Olomouc is a city in the region of Moravia, in the northeast of the Czech Republic. The city lies along the Morava River at its confluence with the Bystřice River. The city has a population of 100,154 (2016).
Olomouc's historic buildings include the 14th-century Gothic St. Wenceslas’ Cathedral, with a 328-foot (100-metre) tower, and the town hall, which is adorned by a 230-foot (70-metre) tower and a 15th-century astronomical clock (restored after being damaged in World War II). Olomouc is also known for its fountains, notable among which are Triton (1707) and Caesar's (1720). Standing at 115 feet (35 metres) tall, the Holy Trinity Column is a classic example of the Olomouc Baroque style; it was designated a UNESCO World Heritage site in 2000. The city's university was founded in 1573; it was suppressed in 1854 but was revived after World War II and named after František Palacký, the Czech patriot-scholar. The city's manufactures include steel, machine tools, gas appliances, refrigerators, salt, sugar, chocolate, malt, and beer.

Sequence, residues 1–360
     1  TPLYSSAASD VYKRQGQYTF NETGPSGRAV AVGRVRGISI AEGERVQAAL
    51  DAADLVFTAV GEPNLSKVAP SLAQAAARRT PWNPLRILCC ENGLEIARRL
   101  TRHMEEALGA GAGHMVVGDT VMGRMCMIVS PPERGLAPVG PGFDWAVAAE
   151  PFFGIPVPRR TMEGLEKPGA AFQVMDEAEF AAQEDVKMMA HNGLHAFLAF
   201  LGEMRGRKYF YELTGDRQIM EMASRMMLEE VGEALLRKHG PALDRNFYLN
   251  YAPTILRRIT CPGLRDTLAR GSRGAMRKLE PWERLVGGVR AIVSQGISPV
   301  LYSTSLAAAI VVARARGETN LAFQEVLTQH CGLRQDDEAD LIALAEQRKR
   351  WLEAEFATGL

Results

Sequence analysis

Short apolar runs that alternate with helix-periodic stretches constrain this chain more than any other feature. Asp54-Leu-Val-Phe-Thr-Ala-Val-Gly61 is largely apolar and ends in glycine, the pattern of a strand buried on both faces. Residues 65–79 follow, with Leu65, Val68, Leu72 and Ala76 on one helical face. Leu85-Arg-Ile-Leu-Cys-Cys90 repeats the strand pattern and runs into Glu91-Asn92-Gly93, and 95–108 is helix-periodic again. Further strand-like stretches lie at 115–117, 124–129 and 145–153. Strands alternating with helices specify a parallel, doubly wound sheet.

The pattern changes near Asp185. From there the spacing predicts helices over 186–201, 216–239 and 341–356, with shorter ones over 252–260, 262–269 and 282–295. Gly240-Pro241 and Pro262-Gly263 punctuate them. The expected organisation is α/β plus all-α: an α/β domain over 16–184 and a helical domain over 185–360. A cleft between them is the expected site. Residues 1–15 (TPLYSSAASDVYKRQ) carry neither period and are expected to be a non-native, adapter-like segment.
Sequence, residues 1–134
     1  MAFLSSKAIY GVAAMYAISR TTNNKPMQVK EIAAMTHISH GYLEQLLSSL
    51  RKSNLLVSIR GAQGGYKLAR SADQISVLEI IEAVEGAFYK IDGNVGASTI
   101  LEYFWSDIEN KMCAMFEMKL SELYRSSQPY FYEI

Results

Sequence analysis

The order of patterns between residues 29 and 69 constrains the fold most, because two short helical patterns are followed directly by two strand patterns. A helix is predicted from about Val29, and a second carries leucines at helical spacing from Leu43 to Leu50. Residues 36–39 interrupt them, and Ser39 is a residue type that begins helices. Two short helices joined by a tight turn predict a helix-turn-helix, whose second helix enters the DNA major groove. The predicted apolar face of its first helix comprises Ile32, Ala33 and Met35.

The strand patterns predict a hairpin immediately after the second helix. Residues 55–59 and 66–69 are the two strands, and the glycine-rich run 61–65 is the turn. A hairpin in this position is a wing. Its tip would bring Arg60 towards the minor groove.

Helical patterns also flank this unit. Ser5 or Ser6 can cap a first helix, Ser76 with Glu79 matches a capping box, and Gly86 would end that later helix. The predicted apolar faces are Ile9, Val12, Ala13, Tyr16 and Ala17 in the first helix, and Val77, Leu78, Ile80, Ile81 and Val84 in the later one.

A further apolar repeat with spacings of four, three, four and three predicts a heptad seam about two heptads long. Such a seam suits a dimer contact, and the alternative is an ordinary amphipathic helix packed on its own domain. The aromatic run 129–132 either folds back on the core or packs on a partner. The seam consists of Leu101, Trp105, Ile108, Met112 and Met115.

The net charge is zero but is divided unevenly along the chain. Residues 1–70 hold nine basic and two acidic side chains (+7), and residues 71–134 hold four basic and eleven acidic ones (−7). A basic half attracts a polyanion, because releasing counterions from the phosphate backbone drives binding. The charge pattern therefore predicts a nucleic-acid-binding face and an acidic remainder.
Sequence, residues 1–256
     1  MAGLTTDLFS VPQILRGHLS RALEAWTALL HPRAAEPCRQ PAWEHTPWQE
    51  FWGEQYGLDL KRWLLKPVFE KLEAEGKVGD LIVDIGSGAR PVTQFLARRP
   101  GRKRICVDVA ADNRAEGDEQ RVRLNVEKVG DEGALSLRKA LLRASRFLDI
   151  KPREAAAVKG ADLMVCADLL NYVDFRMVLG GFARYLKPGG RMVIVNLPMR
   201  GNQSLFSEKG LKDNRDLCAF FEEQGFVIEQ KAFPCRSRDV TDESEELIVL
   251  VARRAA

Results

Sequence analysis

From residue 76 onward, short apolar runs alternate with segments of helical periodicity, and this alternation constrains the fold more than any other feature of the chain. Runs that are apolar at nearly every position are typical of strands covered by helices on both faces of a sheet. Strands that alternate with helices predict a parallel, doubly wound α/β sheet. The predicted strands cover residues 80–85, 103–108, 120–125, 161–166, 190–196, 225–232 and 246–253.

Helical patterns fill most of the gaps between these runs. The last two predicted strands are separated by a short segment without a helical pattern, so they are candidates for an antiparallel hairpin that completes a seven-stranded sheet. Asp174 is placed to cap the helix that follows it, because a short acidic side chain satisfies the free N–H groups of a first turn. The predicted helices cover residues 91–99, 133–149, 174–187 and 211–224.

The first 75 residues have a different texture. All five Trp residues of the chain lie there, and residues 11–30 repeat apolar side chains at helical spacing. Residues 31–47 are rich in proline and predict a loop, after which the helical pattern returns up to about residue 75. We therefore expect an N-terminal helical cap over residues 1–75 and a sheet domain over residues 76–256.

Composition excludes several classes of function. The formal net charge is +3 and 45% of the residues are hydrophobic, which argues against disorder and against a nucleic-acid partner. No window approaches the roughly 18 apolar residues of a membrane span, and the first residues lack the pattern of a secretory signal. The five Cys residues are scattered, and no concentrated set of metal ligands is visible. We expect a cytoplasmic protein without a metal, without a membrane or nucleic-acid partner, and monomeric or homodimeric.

Holy Trinity Column
The Holy Trinity Column, erected in the early years of the 18th century, is the most outstanding example of a type of monument specific to central Europe. In the characteristic regional style known as Olomouc Baroque and rising to a height of 35 m, it is decorated with many fine religious sculptures, the work of the distinguished Moravian artist Ondrej Zahner.